Farmer Tommy Blackstock has noticed the cattle on his farm aren’t eating quite like they should.
“I can tell it’s not as good as it has been,” he said about the hay he’s been feeding his cattle. “The cows don’t seem to be eating as good. I’ve had some other people mention the same thing about it with their hay.”
For many farmers, rain is a good thing but the excess in 2013 has led to a lack of nutrients in the hay, which is leading to health problems in cattle.
“It has not shown up until now because farmers have only had to begin feeding hay in the last two to three months,” County Extension Coordinator Michael Wheeler said. “The nutritional value in the hay is very low because it either got cut and then rained on, or it had to be cut when it was very over mature.”
Farmer Larry Nix said “quantity is great, quality is mediocre” about the hay supply this year.
“You’ve got to come back with supplemental protein to get it in the cattle,” he said. “If you don’t, then they’re going to start losing weight.”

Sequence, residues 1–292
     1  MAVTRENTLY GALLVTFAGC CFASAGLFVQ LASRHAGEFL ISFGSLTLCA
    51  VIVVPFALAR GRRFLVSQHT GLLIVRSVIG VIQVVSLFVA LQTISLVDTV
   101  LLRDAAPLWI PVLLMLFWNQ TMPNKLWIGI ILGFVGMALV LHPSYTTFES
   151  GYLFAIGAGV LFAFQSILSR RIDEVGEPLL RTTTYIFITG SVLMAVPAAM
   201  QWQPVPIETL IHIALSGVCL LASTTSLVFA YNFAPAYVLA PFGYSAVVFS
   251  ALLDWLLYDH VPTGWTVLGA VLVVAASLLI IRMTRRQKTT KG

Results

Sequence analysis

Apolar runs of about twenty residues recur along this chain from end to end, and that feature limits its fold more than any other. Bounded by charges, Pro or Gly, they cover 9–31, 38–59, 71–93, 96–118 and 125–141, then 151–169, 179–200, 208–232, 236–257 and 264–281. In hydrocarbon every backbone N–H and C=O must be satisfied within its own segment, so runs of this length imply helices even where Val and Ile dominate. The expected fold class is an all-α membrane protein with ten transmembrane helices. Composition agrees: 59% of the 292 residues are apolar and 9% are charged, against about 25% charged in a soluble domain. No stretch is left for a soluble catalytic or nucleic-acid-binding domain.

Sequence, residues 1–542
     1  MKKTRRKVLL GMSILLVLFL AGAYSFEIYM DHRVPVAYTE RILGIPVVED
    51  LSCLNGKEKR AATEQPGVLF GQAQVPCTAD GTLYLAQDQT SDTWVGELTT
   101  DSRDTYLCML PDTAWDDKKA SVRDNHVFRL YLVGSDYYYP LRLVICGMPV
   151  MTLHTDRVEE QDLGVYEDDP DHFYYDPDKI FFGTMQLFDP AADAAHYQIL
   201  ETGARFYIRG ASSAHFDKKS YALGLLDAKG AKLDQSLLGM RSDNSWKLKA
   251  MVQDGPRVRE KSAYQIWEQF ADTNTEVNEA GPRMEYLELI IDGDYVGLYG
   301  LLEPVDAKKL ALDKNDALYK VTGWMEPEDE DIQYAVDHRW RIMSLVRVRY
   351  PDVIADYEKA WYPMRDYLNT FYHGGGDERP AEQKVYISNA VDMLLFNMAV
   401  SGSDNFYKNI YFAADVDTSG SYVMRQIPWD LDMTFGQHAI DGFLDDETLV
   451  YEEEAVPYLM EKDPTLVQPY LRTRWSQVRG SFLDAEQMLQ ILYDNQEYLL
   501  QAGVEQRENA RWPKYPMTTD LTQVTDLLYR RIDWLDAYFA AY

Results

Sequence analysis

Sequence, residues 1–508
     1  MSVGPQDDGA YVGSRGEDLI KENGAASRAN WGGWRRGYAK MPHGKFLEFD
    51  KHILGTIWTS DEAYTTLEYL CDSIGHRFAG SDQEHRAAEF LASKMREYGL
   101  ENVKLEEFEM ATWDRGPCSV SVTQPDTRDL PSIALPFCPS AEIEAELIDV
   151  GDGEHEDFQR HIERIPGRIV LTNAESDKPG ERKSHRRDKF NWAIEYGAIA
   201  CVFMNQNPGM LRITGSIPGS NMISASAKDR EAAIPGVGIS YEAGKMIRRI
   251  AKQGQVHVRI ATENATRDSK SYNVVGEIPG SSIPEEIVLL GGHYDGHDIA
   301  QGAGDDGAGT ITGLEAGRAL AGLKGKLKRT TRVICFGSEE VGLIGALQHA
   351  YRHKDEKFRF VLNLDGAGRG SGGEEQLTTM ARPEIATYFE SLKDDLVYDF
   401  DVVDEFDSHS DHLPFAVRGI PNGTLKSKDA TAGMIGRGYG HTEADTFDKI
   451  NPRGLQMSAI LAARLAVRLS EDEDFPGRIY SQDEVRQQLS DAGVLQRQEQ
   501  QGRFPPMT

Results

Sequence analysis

The rain basically breaks down the nutrients in the hay, leading to a lack of what cows need for good health. Poor nutrition can lead to weight loss in the cattle, among other health issues, even sudden death. Cattle can starve to death even if they are eating large quantities of hay if they are not getting the proper nutrition.
“With my cows, you might put some trace mineral salt and stuff like that,” Blackstock said. “Some people will put molasses blocks and stuff like that with their herd. I normally don’t. But in the winter time, they’ll have what grass is in the pasture, what grows during the winter. And the rest of it is the hay.”
And this doesn’t only impact farmers. With the struggles Southeast cattle farmers are experiencing combined with the drought out west, consumers may see an increase in their grocery prices.
“You’ve heard the expression, ‘There’s not a cow in Texas’?” Nix said. “Well, there’s not a cow in Texas. They sold out last year or the year before last, because the drought hit them and they were not able to feed.
“See, they pay us over $2 a pound for our calves this fall. So they’ve got to go to the feedlot. They’ll make it through the feedlot, then you’re looking at $4 or $5 a pound from there, by the time it’s to the grocery store you’re at $10 to $15 a pound.”